Like Jamie Moyer, Peter Parker, the Rolling Stones and the Houston Astros, I turned 50 years old in 2012. While I did not make history by becoming the oldest man to ever win a major league game, nor have another movie about my spider powers released, nor play a world concert tour, I feel reasonably certain I did enjoy this year more than Astros fans.
Actually, I did achieve a baseball record of sorts by setting a new low for sportswriter attire, which as anyone who has ever been in a major league press box can tell you, that is slipping under the absolute lowest of limbo bars.
I managed this accomplishment after an editor called me while I was on a bike ride to inform me that White Sox pitcher Philip Humber had a perfect game heading into the ninth inning against the Mariners. I didn’t have a credential, a notebook or even a pen, but a perfect game is a perfect game, so I raced to Safeco Field on my bike. I arrived just as Humber retired the final batter, fought my way through the crowd, worked my way to the clubhouse and interviewed the players in my sweaty Lycra bike shorts and bike jersey.
"That’s a good look," catcher A.J. Pierzynski said.
Fortunately, there are no photos of this moment, perhaps the most embarrassing of my career other than nearly bouncing the ceremonial first pitch to the backstop before a Twins game.
Unfortunately, there are photos of me wearing even less.
I posed for that photo this summer for a series of pictures spoofing famous athlete body shots for espnW’s Body Issue. Rod Mar snapped the pictures, and in addition to paying for the photo session, ESPN should cover the cost for his ongoing post-traumatic stress counseling.
My favorite photo of that session was this one sending up the Sports Illustrated cover of Michael Phelps wearing his eight gold medals from Beijing.
We took that photo in June. Had we waited until August, we would have added several more donuts to reflect Phelps’ 2012 Olympics, in which he won four more gold medals and two silvers. The extra donuts also would have covered more of my pasty body.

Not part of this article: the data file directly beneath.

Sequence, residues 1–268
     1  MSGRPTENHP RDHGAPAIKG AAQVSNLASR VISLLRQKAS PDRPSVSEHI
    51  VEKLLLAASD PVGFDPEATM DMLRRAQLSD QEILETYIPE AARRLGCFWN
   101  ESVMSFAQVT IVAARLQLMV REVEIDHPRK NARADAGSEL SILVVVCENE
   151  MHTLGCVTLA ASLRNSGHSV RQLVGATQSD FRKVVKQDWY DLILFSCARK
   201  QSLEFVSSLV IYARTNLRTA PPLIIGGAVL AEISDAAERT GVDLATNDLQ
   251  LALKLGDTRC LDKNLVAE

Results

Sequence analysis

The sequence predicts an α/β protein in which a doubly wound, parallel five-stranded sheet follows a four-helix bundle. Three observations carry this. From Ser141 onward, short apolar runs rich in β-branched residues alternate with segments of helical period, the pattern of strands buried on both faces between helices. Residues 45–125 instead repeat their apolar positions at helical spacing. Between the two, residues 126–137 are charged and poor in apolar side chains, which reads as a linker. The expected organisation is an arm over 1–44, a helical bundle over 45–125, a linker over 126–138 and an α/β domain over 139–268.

The London Games were the 10th Olympics I’ve covered and among the most memorable. Along with seeing Phelps swim as if he had gills, I watched a 15-year-old girl fly, a man without legs run -- “I didn’t grow up thinking I had a disability," South Africa’s Oscar Pistorius said. “I grew up thinking I had different shoes" -- and, in perhaps the most amazing sight of all, history’s fastest man finish off another gold-medal sprint with a set of push-ups.
“That was for my friends," Usain Bolt said of the push-ups after his 200-meter victory. “They told me I should do push-ups because it would look good on TV."
How magical were the stories in London? Within earshot of Big Ben, Kerri Walsh Jennings won her third gold medal with Misty May-Treanor in beach volleyball while SHE WAS PREGNANT! Top that, Michael.
My favorite Olympic moment, however, was at the women’s cycling team pursuit.
As part of an interview in March, I went on a 20-mile ride with American cyclist Dotsie Bausch while listening to her extraordinary story. She is 39, worked as a runway model in New York, suffered through an eating disorder so severe her hair fell out and her 5-foot-9 body wasted to 90 pounds and eventually grew so depressed she tried to commit suicide. Yet Bausch found new life on a bicycle. More than a decade later, she and her teammates won silver at the Olympics. Moments after the silver medal was slipped around her neck, the velodrome speakers played “Hey Jude" while the camera focused on Paul McCartney, who joined the crowd in a spirited sing-along.